When she gave her 2012. TED Talk Brene Brown noted that she’s increasingly invited to speak about innovations within the workplace. What does that have something to do with her knowledge in the field of shame? Everything. She explains how shame keeps us from taking on the risk of presenting new and creative ideas. The tried and tested concepts are secure. Nobody will question the ideas that work. People who are ashamed stick to the ideas they believe will be able to get approval. But innovative, imaginative ideas face criticism. Consider an examination. If businesses, churches, and other organizations are looking to innovate, they need to create a space where individuals feel comfortable offering their outside-the-box ideas.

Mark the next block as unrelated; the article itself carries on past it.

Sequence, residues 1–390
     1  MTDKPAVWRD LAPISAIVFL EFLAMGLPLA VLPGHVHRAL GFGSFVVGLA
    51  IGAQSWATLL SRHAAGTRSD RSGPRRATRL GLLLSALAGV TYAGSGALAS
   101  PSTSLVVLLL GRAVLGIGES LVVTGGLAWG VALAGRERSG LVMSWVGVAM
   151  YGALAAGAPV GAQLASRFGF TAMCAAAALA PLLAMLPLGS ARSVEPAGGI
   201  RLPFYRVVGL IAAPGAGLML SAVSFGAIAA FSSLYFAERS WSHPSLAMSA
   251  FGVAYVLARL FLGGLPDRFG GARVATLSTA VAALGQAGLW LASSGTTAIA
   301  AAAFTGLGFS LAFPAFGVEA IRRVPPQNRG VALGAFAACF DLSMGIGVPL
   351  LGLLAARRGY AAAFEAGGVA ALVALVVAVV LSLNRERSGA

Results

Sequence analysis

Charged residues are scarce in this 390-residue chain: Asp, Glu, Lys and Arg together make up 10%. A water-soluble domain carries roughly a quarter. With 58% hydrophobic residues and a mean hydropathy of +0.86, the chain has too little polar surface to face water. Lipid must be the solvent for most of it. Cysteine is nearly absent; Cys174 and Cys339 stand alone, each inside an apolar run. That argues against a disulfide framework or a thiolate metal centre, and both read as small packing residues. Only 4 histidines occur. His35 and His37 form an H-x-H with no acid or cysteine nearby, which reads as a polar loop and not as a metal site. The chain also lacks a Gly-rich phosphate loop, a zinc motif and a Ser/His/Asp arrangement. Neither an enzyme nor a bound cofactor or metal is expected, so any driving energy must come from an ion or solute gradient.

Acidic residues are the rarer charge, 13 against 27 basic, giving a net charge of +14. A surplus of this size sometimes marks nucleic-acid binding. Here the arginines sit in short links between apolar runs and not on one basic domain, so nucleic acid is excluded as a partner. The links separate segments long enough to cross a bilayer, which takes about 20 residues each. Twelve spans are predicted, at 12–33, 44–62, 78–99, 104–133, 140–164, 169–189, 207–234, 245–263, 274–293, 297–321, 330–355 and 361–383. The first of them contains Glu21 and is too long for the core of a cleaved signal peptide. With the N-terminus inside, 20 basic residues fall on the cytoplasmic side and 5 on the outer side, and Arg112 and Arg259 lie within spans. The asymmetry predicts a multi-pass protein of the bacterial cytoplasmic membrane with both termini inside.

5. Shame can hinder humility.
Jim Collins talks about a Level Five leader as someone who is awed by his team whenever things are going smoothly and is accountable for any issues that arise. He says this is an example of humility. People who are ashamed cannot perform this. They should take praise when things go their way because they want the same kind of praise. They can’t be held accountable for their mistakes, as the weight of it would weigh them down. They only show their insufficiency. Sometimes, shame disguises itself as humility, but it’s not.
6. Shame blocks forgiveness.